Author(s): Dr. Seuss
In this hilarious tale of mishap and misadventure, Dr. Seuss reminds us that there is always someone, somewhere, worse off than ourselves. With his unique combination of hilarious stories, zany pictures and riotous rhymes, Dr. Seuss has been delighting young children and helping them learn to read for over fifty years. Creator of the wonderfully anarchic Cat in the Hat, and ranking among the UK's top ten favourite children's authors, Seuss is firmly established as a global best-seller, with over 650 million books sold worldwide. This delightful book forms part of the third stage in HarperCollins' major Dr. Seuss rebrand programme. With the relaunch of six more titles in January 2004, such all-time favourites as 'The Lorax', 'The Foot Book' and 'Yertle the Turtle' boast bright new covers that incorporate much-needed guidance on reading levels: Blue Back Books are for parents to share with young children, Green Back Books are for budding readers to tackle on their own, and Yellow Back Books are for older, more fluent readers to enjoy. 'Did I Ever Tell You How Lucky You Are?' belongs to the Yellow Back Book range.
"[Dr. Seuss] has...instilled a lifelong love of books, learning and reading [in children]" - The Telegraph "Dr. Seuss ignites a child's imagination with his mischievous characters and zany verses" - The Express "The magic of Dr. Seuss, with his hilarious rhymes, belongs on the family bookshelf" - Sunday Times Magazine "The author... has filled many a childhood with unforgettable characters, stunning illustrations, and of course, glorious rhyme" - The Guardian "Dr. Seuss ignites a child's imagination with his mischievous characters and zany verses." - The Express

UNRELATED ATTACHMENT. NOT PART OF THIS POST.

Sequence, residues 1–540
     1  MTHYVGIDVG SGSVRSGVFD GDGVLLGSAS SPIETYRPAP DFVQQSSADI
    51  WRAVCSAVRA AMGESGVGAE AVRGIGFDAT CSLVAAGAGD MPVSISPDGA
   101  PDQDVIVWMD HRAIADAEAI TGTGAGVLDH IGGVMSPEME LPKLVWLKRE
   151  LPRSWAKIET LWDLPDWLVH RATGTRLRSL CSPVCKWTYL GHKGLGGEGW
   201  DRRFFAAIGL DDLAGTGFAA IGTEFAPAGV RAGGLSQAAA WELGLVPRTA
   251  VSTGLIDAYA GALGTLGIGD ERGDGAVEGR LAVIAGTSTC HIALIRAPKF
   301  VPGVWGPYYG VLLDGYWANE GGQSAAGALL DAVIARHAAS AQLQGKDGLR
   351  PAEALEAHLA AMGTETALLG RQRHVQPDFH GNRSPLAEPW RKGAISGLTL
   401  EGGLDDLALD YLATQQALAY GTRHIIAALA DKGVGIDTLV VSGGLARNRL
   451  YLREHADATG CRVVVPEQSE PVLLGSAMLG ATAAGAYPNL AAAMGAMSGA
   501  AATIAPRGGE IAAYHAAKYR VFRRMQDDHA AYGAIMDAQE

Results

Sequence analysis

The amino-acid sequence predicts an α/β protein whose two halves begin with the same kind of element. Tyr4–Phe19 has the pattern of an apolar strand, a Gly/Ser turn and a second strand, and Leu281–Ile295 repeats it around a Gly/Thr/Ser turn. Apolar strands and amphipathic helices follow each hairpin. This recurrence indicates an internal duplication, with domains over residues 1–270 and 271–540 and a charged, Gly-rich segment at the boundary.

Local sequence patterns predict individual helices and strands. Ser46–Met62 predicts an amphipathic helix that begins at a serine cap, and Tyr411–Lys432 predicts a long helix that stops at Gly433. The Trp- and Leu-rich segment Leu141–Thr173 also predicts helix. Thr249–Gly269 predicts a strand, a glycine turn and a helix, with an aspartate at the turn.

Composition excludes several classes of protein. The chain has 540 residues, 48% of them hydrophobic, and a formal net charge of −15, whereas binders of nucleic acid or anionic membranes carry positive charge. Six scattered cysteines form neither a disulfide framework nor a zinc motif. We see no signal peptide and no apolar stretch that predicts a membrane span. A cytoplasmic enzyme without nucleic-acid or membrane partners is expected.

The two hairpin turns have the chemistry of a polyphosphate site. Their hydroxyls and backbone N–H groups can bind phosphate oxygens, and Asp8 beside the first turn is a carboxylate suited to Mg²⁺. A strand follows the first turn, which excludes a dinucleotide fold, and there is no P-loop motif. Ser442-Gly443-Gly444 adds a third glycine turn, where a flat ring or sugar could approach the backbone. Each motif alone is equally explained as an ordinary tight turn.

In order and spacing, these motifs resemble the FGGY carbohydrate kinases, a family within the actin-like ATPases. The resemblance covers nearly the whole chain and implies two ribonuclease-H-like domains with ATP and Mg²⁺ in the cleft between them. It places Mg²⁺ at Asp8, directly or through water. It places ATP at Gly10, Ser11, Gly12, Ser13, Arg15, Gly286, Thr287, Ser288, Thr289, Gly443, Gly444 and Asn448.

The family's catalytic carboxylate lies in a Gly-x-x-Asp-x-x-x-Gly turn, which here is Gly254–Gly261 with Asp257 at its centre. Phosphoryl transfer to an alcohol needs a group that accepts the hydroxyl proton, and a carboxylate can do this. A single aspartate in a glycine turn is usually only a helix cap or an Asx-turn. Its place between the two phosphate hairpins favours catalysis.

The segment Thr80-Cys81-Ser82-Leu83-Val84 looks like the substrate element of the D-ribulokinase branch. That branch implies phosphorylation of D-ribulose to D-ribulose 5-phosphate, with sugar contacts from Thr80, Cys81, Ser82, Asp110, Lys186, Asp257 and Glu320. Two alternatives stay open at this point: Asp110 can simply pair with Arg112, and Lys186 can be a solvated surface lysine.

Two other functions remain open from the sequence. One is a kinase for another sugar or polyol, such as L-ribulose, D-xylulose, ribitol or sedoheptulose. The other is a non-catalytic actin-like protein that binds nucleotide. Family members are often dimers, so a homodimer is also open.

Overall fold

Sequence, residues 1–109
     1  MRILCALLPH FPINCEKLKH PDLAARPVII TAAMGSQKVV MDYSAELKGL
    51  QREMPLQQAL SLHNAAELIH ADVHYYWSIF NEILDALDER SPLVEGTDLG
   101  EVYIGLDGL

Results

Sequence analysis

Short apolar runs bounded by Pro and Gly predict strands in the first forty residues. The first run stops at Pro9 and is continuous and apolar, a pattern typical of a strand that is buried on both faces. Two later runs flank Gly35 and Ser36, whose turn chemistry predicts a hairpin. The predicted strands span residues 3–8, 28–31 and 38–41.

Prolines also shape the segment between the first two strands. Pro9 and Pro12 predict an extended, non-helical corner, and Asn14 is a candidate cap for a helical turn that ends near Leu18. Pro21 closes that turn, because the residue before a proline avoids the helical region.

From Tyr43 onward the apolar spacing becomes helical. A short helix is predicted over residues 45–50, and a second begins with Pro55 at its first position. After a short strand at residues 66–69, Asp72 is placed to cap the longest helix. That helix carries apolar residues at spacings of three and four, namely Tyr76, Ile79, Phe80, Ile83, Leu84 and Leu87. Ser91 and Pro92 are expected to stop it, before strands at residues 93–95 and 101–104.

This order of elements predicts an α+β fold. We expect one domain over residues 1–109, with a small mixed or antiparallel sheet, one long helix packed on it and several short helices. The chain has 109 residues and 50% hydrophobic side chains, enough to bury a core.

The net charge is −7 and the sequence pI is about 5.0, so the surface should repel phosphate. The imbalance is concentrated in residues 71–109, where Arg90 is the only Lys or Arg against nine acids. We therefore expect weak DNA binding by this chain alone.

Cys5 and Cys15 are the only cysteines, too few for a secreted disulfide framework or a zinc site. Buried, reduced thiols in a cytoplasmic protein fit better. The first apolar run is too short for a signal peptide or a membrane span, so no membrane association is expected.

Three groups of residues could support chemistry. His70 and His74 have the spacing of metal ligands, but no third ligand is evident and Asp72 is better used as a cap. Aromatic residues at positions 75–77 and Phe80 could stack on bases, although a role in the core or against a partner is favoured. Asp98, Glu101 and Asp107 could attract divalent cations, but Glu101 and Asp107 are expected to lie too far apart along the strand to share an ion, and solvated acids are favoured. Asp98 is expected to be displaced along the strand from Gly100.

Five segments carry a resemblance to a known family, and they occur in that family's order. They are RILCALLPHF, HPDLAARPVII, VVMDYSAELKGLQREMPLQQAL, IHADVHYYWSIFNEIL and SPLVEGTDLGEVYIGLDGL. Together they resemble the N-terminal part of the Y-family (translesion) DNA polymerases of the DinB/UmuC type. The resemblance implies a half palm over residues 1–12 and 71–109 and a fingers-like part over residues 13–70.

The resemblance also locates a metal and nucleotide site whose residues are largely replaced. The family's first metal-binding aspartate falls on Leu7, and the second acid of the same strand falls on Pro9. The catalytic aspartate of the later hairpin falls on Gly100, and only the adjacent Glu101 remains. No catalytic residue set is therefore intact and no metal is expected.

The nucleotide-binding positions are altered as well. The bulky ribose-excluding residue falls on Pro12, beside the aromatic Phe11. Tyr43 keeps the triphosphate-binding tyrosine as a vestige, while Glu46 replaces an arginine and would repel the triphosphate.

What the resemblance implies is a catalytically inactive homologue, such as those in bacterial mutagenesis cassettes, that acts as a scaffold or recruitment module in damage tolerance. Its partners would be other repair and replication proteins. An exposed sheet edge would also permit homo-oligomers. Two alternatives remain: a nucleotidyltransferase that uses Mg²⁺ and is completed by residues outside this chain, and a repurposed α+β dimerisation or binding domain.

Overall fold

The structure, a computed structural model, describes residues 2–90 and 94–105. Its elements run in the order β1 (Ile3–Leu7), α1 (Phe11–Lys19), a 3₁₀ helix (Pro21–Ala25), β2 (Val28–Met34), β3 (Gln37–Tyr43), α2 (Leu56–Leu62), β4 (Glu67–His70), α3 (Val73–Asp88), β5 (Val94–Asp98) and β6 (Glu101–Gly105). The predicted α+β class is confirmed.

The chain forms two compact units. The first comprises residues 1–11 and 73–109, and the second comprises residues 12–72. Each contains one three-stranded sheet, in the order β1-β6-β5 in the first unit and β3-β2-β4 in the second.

Theodor Seuss Geisel -- better known to millions of his fans as Dr. Seuss -- was born the son of a park superintendent in Springfield, Massachusetts, in 1904. After studying at Dartmouth College, New Hampshire, and later at Oxford University in England, he became a magazine humorist and cartoonist, and an advertising man. He soon turned his many talents to writing children's books, and his first book -- And To Think That I Saw It On Mulberry Street -- was published in 1937. His greatest claim to fame was the one and only The Cat in the Hat, published in 1957, the first of a hugely successful range of early learning books known as Beginner Books.